Name of convener:
Marsha Walpole, Dave, Diane Tilson, Kathleen Jan., Rennie Brantz, Jo Anne Orr
Main points from the conversation:
Individual composting bins offer an immediate opportunity to make a difference. Bins need to be
colorful, inexpensive, accessible, and explained.
A public composting program for town and county is a long range goal. It will cost upwards of
$2.5 million to start and then will need to be sustained with public funding.
Best way to start public composting would be a pilot project, probably in Boone
Important to success of composting will be education: individually, in schools, to public at large.
There is still a great deal of resistance to composting because it requires changes in traditional
Partnerships will also be important between country, town, ASU, Ag. Extension. ASU is doing a
good deal as is the county. Efforts between town, county, and ASU are being coordinated. Is
more room for cooperation and expansion if resources can be made available.
We also discussed numerous technical issues: use of wood, plastic, temperatures, worms.
Benefits of composting? Reduced waste and savings for public, new green jobs, a new
environmentally friendly world view, stronger sense of community through cooperative efforts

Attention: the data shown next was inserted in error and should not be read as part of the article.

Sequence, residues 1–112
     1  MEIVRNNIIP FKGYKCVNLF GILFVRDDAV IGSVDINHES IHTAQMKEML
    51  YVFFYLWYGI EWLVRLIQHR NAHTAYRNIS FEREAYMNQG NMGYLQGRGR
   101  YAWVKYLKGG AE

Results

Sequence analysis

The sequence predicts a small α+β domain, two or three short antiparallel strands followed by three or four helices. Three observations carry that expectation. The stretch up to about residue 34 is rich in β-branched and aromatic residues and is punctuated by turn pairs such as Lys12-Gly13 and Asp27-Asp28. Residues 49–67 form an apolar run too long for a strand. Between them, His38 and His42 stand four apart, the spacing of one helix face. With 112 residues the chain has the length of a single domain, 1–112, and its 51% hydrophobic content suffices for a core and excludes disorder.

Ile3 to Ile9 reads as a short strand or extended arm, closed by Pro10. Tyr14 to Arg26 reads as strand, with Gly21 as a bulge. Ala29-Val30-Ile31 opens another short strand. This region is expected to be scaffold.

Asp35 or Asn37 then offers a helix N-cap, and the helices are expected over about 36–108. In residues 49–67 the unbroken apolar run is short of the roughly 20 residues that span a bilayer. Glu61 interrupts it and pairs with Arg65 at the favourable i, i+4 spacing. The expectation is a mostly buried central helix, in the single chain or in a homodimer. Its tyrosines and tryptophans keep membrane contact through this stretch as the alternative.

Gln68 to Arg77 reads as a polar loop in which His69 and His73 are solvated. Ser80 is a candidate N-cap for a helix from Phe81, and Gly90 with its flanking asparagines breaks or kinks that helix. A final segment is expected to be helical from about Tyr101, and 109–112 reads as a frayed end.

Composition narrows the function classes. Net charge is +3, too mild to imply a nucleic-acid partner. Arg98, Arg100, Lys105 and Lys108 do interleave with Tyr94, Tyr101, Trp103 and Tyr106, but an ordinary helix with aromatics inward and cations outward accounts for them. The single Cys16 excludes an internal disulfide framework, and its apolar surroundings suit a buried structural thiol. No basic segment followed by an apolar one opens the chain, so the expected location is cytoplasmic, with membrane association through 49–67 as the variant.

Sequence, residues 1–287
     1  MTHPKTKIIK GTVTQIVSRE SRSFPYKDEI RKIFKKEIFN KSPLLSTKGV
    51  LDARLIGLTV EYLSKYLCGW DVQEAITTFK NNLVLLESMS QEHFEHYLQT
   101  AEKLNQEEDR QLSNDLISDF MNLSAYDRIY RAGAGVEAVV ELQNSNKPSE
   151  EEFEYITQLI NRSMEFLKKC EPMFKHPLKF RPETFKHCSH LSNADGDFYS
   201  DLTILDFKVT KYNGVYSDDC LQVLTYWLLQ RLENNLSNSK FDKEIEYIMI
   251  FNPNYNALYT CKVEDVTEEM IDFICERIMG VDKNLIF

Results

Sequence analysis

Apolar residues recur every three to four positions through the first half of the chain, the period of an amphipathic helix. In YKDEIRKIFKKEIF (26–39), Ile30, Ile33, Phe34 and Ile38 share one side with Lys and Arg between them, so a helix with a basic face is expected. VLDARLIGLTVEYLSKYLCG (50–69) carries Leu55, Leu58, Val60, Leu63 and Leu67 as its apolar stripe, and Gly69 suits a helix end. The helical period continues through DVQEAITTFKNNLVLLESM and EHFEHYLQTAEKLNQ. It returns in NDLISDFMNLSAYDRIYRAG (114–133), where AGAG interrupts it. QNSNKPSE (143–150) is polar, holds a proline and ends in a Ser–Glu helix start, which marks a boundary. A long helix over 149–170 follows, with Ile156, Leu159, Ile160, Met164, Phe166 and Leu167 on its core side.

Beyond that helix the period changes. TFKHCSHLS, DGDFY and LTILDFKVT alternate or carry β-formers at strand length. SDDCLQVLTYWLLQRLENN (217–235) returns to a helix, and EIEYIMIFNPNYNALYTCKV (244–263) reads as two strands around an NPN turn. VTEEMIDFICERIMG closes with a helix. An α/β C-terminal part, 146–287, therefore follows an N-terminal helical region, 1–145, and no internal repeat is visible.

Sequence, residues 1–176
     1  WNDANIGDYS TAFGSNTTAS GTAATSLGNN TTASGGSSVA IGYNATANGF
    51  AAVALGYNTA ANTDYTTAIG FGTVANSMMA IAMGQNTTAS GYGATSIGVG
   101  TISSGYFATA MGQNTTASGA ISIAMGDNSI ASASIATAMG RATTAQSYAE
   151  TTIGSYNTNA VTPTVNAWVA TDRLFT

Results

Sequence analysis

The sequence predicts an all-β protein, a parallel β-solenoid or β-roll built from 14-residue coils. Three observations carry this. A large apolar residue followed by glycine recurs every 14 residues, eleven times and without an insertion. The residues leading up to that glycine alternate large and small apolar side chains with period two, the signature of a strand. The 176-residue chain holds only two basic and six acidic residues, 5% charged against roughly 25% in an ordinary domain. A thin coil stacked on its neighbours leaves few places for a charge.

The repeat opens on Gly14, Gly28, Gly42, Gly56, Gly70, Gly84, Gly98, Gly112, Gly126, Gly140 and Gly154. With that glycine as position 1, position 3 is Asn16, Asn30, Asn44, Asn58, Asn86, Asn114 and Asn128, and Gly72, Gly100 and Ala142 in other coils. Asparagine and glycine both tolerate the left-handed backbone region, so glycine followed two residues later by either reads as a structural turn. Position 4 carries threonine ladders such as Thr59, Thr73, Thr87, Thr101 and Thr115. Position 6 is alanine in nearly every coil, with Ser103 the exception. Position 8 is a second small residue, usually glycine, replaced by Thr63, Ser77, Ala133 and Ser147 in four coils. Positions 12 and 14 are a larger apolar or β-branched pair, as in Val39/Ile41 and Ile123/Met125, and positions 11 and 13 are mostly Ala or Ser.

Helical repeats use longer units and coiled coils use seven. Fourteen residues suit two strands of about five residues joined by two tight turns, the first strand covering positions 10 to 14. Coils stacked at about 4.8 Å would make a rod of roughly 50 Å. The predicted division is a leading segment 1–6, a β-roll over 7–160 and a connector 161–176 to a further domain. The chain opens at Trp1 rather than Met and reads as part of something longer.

We also noted that current economic downturn has affected recycling and composting costs and
We need to work with producers to reduce packaging and wasteful use of materials. Stores could
charge for plastic bags or give credit for using your own bag.
1. Inventory existing composting programs and availability.
2. Establish attention to composting in schools--curriculum revision, educational programs, etc.
3. Make recycle and composting bins available more readily by town and country--May require
writing more grants or renewing grants.
4. Contact local food stores about reducing use of plastic bags.
5. Form Country wide composting committees.
Chelsea Green Weekly for May 19, 2017
4 days ago